8 U.S.C. § 1252(a)(5) (Supp. V 2005), REAL ID Act § 106(a)(1)(B), 119 Stat. at 310 [hereinafter, "REAL ID ACT"].
As the Second Circuit has said, the REAL ID Act "eliminate[d] habeas jurisdiction over final orders of deportation, exclusion and removal, providing instead for petitions for review under § 1252, which circuit courts alone can consider." Gittens v. Menifee, 428 F.3d 382, 384 (2d Cir. 2005). Moreover, by its express terms, the REAL ID Act is retroactive and applies to cases "in which the final administrative order of removal, deportation, or exclusion was issued before, on, or after" the date of enactment. See REAL ID Act § 106(b) (emphasis added); see also Gittens, 428 F.3d at 384-85. Thus, Petitioners' argument that the provisions of the REAL ID ACT that eliminated habeas jurisdiction in the district courts does not apply in this situation because "he was served with an order to show cause [OSC] dated April 17, 1991, which placed him in deportation proceedings" so "[h]e does not have an order of removal" is without merit.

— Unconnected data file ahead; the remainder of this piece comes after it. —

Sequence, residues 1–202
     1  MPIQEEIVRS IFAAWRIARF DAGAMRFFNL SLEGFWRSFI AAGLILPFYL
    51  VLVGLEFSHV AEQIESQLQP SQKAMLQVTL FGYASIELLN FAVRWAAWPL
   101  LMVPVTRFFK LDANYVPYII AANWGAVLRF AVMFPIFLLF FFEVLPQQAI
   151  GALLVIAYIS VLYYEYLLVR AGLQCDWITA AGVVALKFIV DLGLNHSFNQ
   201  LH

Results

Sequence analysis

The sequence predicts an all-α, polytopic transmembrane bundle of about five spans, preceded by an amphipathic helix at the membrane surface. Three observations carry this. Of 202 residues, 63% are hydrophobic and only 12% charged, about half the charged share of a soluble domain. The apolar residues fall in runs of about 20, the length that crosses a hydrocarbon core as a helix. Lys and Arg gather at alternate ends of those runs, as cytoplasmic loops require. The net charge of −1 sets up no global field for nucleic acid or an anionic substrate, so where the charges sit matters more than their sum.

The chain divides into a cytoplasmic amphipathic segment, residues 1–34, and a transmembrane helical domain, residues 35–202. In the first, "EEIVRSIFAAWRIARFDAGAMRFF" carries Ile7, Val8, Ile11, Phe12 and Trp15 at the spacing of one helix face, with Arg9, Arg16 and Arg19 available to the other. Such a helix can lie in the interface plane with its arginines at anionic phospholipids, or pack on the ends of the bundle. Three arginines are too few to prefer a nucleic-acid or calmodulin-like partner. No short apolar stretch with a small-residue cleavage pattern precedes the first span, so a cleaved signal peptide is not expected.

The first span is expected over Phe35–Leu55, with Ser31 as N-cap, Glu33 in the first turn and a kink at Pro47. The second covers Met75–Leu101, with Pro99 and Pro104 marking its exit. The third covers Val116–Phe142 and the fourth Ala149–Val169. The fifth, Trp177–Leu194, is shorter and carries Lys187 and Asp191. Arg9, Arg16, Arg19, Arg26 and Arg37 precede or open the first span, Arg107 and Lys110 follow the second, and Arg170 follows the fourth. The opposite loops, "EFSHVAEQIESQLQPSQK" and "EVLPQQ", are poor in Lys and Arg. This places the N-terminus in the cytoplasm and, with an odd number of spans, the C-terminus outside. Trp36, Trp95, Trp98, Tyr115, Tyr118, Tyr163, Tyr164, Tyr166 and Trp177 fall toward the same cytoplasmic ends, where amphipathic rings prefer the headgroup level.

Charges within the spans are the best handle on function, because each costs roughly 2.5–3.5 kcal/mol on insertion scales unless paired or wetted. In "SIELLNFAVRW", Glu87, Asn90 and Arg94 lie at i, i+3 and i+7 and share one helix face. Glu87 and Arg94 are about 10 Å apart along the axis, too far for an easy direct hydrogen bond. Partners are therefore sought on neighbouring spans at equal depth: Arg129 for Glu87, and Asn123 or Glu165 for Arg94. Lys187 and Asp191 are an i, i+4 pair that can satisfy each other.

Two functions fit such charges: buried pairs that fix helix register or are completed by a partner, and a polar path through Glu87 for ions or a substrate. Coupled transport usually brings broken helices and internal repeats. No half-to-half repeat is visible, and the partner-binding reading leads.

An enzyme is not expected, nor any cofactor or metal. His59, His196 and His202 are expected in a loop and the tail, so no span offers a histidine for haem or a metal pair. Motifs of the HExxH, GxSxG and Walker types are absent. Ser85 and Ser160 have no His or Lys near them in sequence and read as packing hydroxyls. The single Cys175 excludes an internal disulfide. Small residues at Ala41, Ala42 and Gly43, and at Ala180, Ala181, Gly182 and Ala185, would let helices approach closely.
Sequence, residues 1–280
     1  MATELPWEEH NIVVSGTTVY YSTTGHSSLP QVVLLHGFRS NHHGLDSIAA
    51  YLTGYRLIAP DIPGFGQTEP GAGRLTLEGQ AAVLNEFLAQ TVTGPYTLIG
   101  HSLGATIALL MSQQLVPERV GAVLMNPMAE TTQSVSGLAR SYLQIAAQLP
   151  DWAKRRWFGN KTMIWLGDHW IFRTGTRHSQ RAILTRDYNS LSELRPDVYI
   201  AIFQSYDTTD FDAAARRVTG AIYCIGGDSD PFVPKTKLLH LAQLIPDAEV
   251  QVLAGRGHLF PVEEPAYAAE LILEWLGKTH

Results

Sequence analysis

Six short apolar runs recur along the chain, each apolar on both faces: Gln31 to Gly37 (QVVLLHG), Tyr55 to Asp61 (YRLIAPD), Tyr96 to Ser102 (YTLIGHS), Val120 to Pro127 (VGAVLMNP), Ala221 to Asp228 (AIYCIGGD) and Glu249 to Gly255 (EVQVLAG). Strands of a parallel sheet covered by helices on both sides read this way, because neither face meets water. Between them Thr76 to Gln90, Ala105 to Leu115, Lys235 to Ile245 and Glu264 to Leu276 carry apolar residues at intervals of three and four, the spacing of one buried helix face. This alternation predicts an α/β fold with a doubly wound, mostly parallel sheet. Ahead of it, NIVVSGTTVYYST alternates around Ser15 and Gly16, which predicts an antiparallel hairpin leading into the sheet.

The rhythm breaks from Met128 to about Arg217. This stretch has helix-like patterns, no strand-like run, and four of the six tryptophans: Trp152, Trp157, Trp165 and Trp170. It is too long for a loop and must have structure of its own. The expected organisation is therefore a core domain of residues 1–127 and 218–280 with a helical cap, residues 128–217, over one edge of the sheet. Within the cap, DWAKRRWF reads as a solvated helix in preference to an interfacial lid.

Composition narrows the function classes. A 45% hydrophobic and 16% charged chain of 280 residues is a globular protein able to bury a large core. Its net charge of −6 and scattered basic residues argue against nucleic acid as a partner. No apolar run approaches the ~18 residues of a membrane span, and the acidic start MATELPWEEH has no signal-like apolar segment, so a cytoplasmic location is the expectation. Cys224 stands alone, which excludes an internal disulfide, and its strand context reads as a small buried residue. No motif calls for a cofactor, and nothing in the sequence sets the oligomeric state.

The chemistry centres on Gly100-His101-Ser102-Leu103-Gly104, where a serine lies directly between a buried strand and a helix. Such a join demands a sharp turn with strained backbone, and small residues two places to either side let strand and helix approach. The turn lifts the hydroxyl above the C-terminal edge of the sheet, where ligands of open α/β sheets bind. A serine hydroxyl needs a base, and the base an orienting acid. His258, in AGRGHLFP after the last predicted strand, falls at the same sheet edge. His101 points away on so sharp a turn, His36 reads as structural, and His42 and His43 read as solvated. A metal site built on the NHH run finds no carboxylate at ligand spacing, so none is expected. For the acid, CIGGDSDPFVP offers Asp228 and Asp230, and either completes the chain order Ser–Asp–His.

Finally, the REAL ID Act's repeal of habeas jurisdiction over final orders of removal from the district courts is constitutional because "Congress [can], without raising any constitutional questions, provide an adequate substitute [to habeas review] through the courts of appeals." See INS v. St. Cyr, 533 U.S. 289, 314 n.38 (citing Swain v. Pressley, 430 U.S. 372, 381 (1977)); see also Puri v. Gonzales, 464 F.3d 1038, (9th Cir. Sept. 28, 2006) (rejecting Suspension Clause challenge because "Congress has provided an adequate substitute for habeas proceedings"); Alexandre v. U.S. Attorney Gen., 452 F.3d 1204, 1206 (11th Cir. 2006) (REAL ID Act does not violate Suspension Clause because it "offers the same review as that formerly afforded in habeas corpus which provided legal, but not factual or discretionary, determinations"); Enwonwu v. Gonzales, 438 F.3d 22, 33 (1st Cir. 2006) (REAL ID Act "encompasses at least the same review and the same relief as to [an alien] as were available under prior habeas law").